Wednesday, May 29, 2013

Far Reaches Farm

The last nursery that Peter The Outlaw Gardener and I visited a couple of weekends ago was Far Reaches Farm. You might remember I posted about a visit to Far Reaches last summer, when I visited for the first time ever, and absolutely raved about it. If not, you can read the post here.

Peter has posted already about our visit, as well as two other posts about our visits to WeHoP and Celestial Dream Gardens, which you can read here and here.

This wonderful pavilion with its cool green roof, sitting next to a bog garden full of water-loving plants, is one of the first things you see when you get out of the car at Far Reaches. On my first visit last year, I concentrated on their shade pavilion, so this time I wanted to spend some time on their other beds, such as this one and the long sunny border that runs along their drive, and which has a good-size Chilean flame tree in it.



I wandered over toward the bog and immediately spotted a couple of killdeer running around. If you are on the Far Reaches email list, and get their newsletters, you know they have a nesting pair of killdeer on their property that they very kindly work around. The killdeer have a tendency to build their nest in the most awkward spots, making chores like watering and caring for the plants difficult.



"Oh No! Run away from the crazy lady with the camera!" Don't worry, I shot this with the zoom from quite a distance away.

Isn't this a great combo? I think that dark leaf is a Cimicifuga like 'Brunette' or 'Hillside Black Beauty.'


The sunny border



Enough of this sunny stuff. Far Reaches is famous for their great shade plants, and their fabulous lath shade pavilion. I couldn't resist the pull of great foliage, so I headed over there.

The shade pavilion is full of the biggest clumps of Podophyllums of every description.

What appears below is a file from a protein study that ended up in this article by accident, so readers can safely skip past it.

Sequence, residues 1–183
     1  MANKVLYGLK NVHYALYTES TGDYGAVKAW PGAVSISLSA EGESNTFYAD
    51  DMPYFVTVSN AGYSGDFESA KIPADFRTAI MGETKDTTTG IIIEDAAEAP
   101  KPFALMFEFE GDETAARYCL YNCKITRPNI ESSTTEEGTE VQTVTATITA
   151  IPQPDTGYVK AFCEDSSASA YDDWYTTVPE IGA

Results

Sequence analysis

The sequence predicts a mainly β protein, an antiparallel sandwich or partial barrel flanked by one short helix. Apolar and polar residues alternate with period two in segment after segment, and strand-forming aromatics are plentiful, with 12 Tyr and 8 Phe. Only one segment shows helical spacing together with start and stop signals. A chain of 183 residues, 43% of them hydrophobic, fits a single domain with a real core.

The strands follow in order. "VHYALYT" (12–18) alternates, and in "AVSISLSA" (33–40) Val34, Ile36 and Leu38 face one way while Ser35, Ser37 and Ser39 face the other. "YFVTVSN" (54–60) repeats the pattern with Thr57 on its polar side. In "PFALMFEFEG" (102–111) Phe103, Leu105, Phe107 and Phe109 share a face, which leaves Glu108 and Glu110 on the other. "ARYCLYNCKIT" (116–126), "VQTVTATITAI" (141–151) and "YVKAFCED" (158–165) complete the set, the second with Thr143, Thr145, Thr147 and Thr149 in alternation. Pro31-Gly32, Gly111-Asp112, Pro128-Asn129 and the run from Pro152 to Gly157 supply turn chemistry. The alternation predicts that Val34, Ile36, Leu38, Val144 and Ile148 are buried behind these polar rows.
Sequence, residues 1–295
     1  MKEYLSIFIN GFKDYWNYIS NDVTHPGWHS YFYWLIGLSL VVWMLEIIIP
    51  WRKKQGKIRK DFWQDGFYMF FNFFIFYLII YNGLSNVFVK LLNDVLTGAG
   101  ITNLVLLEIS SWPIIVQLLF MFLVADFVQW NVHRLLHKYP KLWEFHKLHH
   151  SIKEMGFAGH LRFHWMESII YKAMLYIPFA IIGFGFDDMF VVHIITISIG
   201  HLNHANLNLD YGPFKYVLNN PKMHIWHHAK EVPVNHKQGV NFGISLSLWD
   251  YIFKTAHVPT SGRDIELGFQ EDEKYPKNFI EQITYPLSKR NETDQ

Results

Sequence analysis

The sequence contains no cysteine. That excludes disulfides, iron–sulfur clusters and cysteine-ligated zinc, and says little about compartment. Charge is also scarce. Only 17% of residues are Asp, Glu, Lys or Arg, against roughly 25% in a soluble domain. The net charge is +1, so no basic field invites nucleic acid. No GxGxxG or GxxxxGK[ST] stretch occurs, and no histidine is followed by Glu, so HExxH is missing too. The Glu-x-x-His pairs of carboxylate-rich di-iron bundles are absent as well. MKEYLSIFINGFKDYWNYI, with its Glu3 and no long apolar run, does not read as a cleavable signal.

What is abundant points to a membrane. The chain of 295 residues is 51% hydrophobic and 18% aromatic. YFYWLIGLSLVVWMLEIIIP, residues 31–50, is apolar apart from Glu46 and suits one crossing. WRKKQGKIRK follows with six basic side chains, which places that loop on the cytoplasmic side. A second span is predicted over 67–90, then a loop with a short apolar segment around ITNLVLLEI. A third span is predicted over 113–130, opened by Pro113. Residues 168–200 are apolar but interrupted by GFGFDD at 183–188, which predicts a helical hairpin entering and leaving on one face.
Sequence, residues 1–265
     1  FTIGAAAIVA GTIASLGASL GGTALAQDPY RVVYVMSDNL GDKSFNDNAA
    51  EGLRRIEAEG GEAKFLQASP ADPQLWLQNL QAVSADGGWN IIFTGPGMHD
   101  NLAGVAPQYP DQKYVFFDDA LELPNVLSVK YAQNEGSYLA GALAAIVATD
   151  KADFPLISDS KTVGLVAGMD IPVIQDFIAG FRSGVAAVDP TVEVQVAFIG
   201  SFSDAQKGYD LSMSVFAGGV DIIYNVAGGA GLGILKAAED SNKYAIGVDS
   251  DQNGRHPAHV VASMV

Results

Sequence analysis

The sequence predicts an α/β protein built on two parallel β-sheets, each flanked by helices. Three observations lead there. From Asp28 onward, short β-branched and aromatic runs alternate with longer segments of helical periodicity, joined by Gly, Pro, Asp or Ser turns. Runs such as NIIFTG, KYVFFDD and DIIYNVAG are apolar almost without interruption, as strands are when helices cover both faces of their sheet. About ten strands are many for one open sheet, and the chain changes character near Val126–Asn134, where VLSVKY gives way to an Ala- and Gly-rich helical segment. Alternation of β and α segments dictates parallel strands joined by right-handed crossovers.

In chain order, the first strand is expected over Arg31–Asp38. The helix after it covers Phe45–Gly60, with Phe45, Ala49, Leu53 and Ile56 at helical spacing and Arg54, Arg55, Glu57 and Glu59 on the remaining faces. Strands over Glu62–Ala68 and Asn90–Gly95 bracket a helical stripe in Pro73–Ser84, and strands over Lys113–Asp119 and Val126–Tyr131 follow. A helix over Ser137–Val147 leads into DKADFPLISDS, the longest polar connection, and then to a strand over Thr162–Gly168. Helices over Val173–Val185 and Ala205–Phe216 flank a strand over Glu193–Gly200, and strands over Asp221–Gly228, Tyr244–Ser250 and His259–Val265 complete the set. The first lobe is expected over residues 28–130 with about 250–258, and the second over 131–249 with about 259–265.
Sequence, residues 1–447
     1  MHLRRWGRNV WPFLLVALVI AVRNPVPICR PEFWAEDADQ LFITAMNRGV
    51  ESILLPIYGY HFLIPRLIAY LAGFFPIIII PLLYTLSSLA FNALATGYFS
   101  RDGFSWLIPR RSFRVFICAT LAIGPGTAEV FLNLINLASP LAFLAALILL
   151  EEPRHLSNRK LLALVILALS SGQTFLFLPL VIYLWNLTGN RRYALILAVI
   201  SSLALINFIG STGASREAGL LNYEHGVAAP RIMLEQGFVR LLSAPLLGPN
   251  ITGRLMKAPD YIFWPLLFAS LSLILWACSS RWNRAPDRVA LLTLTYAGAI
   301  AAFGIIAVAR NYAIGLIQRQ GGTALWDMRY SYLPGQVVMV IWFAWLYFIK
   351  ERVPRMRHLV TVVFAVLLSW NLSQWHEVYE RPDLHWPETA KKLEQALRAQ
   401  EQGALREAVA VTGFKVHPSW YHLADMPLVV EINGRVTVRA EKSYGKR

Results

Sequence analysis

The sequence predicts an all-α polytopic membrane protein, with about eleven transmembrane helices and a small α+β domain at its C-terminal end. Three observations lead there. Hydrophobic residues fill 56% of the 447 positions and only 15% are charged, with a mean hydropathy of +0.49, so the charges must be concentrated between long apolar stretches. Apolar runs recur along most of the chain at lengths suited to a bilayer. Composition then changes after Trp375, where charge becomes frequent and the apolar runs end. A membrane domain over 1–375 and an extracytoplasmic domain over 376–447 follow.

And they have them paired interestingly with plants like this 'Night Heron' Chinese Fairy Bells. Good thing I bought one this spring. I might have to get more.

Here's another Podophyllum with Fairy Bells, perfectly matched color-wise. And I love the Laurel and Hardy look of it -- tall and graceful with short and fat.

Mmmmmm...chocolate.


Last year when I was here, this lovely patch of Diphylleia cymosa, a North American native, had cool blue berries. I marveled at it, and wanted one, but couldn't find it in the nursery. This time I did.

This large patch of double Trillium was amazing!




There were blue Himalayan poppies scattered throughout the pavilion in every stage of opening. And yes, the color really was that rich, deep blue.




I'm pretty sure this is Meconopsis 'Hensol Violet' which I had just bought from them at the Heronswood sale.


Maianthemum oleracea -- Couldn't find this one for sale, I think they are still trying to propagate it.




Fuzzy peony pods

A longer look at one side of the pavilion


Looks like a newly planted Schefflera macrophylla, can't help wondering if they are taking a chance putting it in the ground.

If you're wondering what I bought, I posted about my Far Reaches purchases already in my post about the Heronswood sale.

9 comments:

  1. Holy smokes, I hope they are able to propagate that Maianthemum oleracea. It's spectacular!

    ReplyDelete
  2. So jealous of your and Peter's nursery trysts...someday I'll make it up there!

    ReplyDelete
  3. Wow, how great! so many beautiful and interesting shade plants. And those poppies! that color is to die for

    ReplyDelete
  4. It's fun following your and Peter's nursery and fair visits, so many fab places. And the shade pavilion are full of sumptuous plants!

    ReplyDelete
  5. I like that green roof which along with blue poppies, gorgeous foliage, birds all combined in a pretty garden setting make that look like a special place to visit.

    ReplyDelete
  6. This year I'm going to visit Port Townsend ,I've had to cancel going far too many times , Far Reaches here I come...I hope

    ReplyDelete
  7. Thank you Alison! It's one of my favorite places on the Peninsula. It's a pity I have a very small shady garden.

    ReplyDelete
  8. You know you can trust these folks because they are kind to the killdeer .

    ReplyDelete
  9. I love this nursery...great unusual plants!

    ReplyDelete

Gardening is a solitary activity. But blogging about it is a social phenomenon! I don't make money from my blog by advertising, or use it to drive customers to a business. If you liked my post, or my writing or photography, or even just one picture or turn of phrase, I'd love to hear from you. That's how I get paid.